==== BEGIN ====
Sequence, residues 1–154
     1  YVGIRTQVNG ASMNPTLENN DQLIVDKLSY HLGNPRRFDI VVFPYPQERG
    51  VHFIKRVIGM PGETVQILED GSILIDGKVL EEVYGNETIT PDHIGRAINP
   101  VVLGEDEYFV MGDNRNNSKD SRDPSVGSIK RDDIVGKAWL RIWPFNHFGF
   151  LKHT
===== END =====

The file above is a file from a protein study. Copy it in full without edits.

Sequence, residues 1–154
     1  YVGIRTQVNG ASMNPTLENN DQLIVDKLSY HLGNPRRFDI VVFPYPQERG
    51  VHFIKRVIGM PGETVQILED GSILIDGKVL EEVYGNETIT PDHIGRAINP
   101  VVLGEDEYFV MGDNRNNSKD SRDPSVGSIK RDDIVGKAWL RIWPFNHFGF
   151  LKHT